“The Machine,” they exclaimed, “feeds us and clothes us and houses us; through it we speak to one another, through it we see one another, in it we have our being. The Machine is the friend of ideas and the enemy of superstition: the Machine is omnipotent, eternal; blessed is the Machine”. . . and in theory the Machine was still the creation and the implement of man, but in practice all, save a few retrogrades, worshipped it as divine.
- E.M. Forster, The Machine Stops
We declare that the splendour of the world has been enriched by a new beauty: the beauty of speed. A racing automobile with its bonnet adorned with great tubes like serpents with explosive breath, a roaring motor car which seems to run on machine-gun fire, is more beautiful than the Victory of Samothrace.
The Futurist Manifesto
Nyx, a noctournal calls for abstracts and new work for its forthcoming spring/summer 2012 issue on MACHINES. Critical theorists, writers, artists, photographers, revolutionaries and wage-slaves are asked to consider: what do contemporary relationships and uses of machines reveal about popular culture; political structures; shifts in social or economic systems? What possibilities or dangers do they present? Have machines liberated us, as the early 20thCentury Modernists and social reformists dreamed of, or have human beings become bound by machinery, tangled up in digitised information and intensive demands for productivity in the modern precarious workplace, made redundant by automation or reduced to passive cogs in a vast autopoietic network over which they no longer have any control?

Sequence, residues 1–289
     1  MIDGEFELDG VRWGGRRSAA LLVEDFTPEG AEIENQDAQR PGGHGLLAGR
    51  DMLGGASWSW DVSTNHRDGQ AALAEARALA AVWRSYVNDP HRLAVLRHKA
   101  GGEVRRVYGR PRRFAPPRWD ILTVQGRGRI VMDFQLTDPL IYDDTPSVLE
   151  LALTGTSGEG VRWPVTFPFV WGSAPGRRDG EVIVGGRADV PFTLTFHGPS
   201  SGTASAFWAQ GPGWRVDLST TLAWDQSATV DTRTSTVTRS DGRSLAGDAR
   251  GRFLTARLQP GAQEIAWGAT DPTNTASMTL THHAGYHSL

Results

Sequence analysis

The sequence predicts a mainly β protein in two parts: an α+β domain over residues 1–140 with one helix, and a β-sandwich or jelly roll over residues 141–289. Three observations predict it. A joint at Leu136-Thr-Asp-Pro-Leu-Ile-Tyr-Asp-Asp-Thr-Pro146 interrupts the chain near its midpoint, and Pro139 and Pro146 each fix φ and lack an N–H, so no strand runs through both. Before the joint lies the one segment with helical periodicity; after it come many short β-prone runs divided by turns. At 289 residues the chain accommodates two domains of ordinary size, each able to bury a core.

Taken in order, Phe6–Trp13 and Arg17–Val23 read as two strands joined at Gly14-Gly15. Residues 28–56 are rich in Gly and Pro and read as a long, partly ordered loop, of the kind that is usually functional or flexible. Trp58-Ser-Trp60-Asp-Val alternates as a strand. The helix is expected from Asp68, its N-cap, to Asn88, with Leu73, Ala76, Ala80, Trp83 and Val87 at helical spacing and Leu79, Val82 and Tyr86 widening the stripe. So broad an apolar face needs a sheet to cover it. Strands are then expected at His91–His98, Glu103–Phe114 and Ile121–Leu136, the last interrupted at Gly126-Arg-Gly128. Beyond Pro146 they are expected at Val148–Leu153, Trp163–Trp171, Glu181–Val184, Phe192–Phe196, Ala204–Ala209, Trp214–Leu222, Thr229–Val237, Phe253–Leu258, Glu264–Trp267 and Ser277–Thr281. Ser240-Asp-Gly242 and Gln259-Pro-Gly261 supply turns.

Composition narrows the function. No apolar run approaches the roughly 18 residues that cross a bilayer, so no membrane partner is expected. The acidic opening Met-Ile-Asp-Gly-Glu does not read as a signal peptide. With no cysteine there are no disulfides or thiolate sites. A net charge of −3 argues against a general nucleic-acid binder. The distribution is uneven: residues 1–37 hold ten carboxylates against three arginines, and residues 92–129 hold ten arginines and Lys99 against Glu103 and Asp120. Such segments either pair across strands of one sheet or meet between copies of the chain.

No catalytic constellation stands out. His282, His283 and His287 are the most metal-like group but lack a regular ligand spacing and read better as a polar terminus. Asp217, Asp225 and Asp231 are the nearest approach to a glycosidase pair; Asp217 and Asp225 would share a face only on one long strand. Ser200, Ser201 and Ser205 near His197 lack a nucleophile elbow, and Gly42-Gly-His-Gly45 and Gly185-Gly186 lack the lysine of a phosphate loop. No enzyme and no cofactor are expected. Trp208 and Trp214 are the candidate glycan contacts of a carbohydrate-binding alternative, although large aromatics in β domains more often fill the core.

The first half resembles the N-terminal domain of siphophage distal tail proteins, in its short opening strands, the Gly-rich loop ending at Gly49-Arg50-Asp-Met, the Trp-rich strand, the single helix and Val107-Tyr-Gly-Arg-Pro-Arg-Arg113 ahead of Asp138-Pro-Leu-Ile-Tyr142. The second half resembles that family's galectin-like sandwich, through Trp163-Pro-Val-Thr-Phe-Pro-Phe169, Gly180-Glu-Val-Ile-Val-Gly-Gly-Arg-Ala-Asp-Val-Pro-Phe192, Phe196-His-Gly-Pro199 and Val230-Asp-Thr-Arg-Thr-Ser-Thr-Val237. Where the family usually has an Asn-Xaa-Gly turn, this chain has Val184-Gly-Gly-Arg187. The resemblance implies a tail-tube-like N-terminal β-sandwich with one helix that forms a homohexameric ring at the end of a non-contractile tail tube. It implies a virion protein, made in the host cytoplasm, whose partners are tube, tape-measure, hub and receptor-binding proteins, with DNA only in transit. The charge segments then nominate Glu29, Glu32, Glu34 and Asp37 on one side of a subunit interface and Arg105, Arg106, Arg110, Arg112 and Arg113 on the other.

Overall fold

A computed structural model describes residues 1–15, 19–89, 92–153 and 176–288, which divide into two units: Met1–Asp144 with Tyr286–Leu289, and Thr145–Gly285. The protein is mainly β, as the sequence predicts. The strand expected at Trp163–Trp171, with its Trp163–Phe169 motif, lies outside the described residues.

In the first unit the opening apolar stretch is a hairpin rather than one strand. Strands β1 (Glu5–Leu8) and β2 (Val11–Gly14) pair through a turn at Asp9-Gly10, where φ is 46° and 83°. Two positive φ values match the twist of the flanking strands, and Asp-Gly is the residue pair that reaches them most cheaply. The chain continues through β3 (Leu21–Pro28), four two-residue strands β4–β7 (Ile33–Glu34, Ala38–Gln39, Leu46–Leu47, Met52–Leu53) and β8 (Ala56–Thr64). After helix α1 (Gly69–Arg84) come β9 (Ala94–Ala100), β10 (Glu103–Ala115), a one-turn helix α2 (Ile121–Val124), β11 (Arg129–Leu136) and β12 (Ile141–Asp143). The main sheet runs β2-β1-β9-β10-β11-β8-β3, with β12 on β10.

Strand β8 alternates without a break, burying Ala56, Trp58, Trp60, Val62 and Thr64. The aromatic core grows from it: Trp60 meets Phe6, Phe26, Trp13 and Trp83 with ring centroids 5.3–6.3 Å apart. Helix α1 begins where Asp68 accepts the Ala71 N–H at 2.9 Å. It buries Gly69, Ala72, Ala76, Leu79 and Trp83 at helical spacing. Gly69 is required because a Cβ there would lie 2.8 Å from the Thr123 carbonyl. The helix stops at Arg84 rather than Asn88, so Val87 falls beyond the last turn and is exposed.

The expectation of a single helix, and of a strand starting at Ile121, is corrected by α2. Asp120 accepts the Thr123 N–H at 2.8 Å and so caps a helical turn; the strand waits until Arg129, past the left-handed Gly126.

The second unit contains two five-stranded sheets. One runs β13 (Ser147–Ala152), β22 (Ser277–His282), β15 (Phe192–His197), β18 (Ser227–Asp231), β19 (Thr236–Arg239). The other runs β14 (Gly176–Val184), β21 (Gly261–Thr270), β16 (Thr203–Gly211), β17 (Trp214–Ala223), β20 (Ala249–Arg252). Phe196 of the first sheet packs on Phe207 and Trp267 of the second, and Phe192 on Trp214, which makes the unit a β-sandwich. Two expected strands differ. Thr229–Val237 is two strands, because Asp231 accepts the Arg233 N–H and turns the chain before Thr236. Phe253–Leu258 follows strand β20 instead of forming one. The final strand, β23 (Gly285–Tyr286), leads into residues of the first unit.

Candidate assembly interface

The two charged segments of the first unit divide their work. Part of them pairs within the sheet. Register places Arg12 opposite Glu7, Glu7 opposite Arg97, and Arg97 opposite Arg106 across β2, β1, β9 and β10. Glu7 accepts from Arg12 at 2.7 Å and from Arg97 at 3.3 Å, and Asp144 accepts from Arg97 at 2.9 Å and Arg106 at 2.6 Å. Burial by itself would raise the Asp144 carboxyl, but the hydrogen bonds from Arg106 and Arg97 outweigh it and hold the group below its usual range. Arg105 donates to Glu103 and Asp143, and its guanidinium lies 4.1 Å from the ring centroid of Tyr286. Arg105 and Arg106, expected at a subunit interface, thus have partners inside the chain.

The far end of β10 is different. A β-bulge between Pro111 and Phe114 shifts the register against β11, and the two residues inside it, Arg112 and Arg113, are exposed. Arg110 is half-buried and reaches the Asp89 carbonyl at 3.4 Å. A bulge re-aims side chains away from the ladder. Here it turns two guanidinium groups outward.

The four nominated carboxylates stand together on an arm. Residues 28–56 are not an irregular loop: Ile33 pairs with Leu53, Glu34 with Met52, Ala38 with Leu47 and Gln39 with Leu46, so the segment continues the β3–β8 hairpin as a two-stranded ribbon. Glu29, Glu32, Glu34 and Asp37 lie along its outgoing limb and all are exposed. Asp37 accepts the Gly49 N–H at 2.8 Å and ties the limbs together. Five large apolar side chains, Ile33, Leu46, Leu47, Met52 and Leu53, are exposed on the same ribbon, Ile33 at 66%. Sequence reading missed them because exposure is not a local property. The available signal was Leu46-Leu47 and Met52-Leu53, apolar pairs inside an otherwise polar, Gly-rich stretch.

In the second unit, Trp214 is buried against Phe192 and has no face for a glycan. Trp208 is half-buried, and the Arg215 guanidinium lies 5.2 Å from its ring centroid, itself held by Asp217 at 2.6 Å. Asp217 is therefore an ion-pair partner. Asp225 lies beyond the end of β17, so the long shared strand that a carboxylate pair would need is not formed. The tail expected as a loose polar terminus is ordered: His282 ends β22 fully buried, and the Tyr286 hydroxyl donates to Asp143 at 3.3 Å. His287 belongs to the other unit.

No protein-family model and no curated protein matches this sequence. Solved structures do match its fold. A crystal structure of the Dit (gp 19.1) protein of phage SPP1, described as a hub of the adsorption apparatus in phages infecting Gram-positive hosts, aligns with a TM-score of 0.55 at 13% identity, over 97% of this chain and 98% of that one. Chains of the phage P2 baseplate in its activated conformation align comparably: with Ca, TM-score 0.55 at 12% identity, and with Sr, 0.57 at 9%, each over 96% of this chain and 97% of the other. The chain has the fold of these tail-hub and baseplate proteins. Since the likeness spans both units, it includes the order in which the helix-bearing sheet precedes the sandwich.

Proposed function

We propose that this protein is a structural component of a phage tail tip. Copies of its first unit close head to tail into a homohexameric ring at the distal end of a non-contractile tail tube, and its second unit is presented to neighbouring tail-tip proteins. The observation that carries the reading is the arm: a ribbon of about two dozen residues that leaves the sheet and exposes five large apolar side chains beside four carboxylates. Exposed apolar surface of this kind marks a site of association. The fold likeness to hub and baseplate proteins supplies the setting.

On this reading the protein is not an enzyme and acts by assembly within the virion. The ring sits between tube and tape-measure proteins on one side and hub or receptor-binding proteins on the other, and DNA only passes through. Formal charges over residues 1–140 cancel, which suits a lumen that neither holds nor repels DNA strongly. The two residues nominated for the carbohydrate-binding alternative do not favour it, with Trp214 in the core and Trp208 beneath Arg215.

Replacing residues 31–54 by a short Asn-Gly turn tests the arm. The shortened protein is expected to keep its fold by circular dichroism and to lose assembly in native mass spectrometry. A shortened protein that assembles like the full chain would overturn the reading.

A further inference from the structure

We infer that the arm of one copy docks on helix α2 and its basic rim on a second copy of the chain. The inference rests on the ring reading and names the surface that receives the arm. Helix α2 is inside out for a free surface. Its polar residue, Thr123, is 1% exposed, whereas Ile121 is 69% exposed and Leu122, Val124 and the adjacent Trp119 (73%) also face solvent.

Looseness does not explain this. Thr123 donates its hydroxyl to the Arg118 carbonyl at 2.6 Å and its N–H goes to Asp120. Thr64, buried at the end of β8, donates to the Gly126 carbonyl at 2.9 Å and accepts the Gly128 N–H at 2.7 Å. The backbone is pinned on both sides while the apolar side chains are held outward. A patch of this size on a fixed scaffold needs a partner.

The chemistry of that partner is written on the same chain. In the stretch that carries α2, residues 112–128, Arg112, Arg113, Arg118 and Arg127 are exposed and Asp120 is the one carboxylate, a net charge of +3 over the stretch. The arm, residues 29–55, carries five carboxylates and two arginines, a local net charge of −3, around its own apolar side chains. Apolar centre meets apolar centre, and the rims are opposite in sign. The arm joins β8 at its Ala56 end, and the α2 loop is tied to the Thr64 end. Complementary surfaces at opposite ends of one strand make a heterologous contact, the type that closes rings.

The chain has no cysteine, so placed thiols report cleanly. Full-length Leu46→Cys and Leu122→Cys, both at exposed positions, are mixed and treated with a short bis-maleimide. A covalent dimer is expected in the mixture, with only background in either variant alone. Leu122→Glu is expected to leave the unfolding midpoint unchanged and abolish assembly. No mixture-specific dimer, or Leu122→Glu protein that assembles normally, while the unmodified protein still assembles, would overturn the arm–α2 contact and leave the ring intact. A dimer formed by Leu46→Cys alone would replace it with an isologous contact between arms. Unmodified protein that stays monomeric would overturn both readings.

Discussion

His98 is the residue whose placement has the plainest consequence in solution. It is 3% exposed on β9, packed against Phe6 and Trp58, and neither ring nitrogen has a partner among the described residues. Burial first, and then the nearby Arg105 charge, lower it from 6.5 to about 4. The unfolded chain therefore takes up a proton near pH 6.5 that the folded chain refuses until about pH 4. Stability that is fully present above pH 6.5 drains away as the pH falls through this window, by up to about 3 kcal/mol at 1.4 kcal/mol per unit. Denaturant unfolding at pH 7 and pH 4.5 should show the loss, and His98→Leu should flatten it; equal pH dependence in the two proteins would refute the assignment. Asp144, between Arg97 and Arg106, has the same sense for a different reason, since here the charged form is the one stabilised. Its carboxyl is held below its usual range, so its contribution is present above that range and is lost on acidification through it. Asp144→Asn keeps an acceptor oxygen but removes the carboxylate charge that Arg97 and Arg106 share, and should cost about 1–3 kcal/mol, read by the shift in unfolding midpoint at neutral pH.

Each era is defined by its usage and experience of machinery. Produced to wage war or save time, the machine is laden with exciting and horrific possibilities. What if the machines malfunction or revolt? Are machines a threat to the poor worker, as Marx feared, or is access to cheap electric goods a hallmark of the contemporary consumer social contract? What new sensations, perils and experiences of time have video games, smartphones, televisions, cars, gym equipment, e-books, the Internet and other machines brought? Is the organic obsolete, another health-food fad paid on credit card at a self-service checkout?
In A Thousand Plateaus Deleuze and Guattari warn of “machinic enslavement”, but at the same time affirm that modernity “provides so many weapons for the becoming of everybody/everything, becoming-radio, becoming-electronic, becoming-molecular. . .” Heidegger feared that unfettered technology could sideline humanity into a diminished form of being. Futurists, Cyberneticians, Computer Hackers, Capitalists and Communists alike have all embraced the machines in their own ways; Luddites have smashed them. Science Fiction has sown machine fantasies of both utopia and terror, from Jules Verne to The Terminator; few subjects grip the imagination so well as the march of the machines and their impact on humanity.
Email artwork, images, abstracts or ideas of no more than 300 words with a short bio to firstname.lastname@example.org by 1st February 2012. Please send as .doc or .jpg